Areas and algorithms: evaluating numerical approaches for the delimitation of areas of endemism in the Canary Islands archipelago

Authors

  • Mark A. Carine,

    Corresponding author
    1. Department of Botany, The Natural History Museum, London, UK
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  • Christopher J. Humphries,

    1. Department of Botany, The Natural History Museum, London, UK
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  • I. Rosana Guma,

    1. Unidad de Botánica Aplicada, Instituto Canario de Investigaciones Agrarias, Jardín de Aclimatación de La Orotava, Puerto de La Cruz, Santa Cruz de Tenerife, Spain
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  • J. Alfredo Reyes-Betancort,

    1. Unidad de Botánica Aplicada, Instituto Canario de Investigaciones Agrarias, Jardín de Aclimatación de La Orotava, Puerto de La Cruz, Santa Cruz de Tenerife, Spain
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  • Arnoldo Santos Guerra

    1. Unidad de Botánica Aplicada, Instituto Canario de Investigaciones Agrarias, Jardín de Aclimatación de La Orotava, Puerto de La Cruz, Santa Cruz de Tenerife, Spain
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*Mark Carine, Department of Botany, The Natural History Museum, Cromwell Road, London SW7 5BD, UK. E-mail: m.carine@nhm.ac.uk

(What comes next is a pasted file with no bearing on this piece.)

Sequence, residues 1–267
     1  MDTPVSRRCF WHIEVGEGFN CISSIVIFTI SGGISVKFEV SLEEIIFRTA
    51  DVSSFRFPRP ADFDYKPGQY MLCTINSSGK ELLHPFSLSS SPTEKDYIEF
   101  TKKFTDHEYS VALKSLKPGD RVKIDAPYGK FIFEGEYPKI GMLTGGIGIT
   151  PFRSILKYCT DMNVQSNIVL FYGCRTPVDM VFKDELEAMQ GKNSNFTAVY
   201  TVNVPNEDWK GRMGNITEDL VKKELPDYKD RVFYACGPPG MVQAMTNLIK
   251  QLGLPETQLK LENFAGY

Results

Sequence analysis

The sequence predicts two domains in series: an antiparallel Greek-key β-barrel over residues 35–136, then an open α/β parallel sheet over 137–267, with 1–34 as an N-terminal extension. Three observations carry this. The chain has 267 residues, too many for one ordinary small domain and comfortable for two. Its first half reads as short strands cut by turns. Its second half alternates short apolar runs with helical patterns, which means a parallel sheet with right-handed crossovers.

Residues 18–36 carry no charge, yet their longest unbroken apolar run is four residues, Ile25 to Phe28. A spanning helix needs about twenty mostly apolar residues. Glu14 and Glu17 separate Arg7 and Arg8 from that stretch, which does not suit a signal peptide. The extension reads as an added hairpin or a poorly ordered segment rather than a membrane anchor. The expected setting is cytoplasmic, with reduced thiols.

Abstract

Aim  Areas of endemism are the fundamental units of cladistic biogeographical analysis but there is no consensus on the most appropriate method for their delimitation. In this paper, the relative performance of a number of algorithmic approaches for the delimitation of areas of endemism is investigated within the context of the Canary Islands flora, and areas of endemism within the Canary Islands archipelago are defined.

Location  The Canary Islands.

Methods  A data matrix comprising the distributions of 609 endemic spermatophyte taxa (c. 90% of the endemic flora) scored on a 10 × 10 km UTM grid was analysed using: (1) UPGMA (unweighted pair group method with arithmetic mean) clustering of Jaccard and Kulczynski similarity coefficient matrices, (2) parsimony analysis of endemicity (PAE), and (3) the program ndm (eNDeMism). The performance of each method was then determined by the extent to which the resulting areas of endemism met three criteria: (1) possession of two or more strict endemic taxa, (2) diagnosability, and (3) geographical contiguity.

Results  Each of the four methods resulted in substantially different sets of areas. ndm analysis resolved 17 areas of endemism consistent with all three criteria, and collectively these accounted for 59% of all cells. In the hierarchical analyses none of the methods recovered more than eight areas of endemism, and the total coverage of cells ranged from 13% to 33% when the results were confined to intra-island areas of endemism.

Main conclusions ndm outperforms hierarchical clustering methods in terms of both the number of intra-island areas of endemism delimited that meet the three evaluation criteria and the total coverage of those areas. ndm may also be considered preferable because it is non-hierarchical, incorporates spatial information into the delimitation of areas, and permits overlap between areas of endemism where there is evidence to support it. The results support the use of ndm as the most appropriate method currently available for the delimitation of areas of endemism. The areas of endemism identified by the ndm analysis are discussed.

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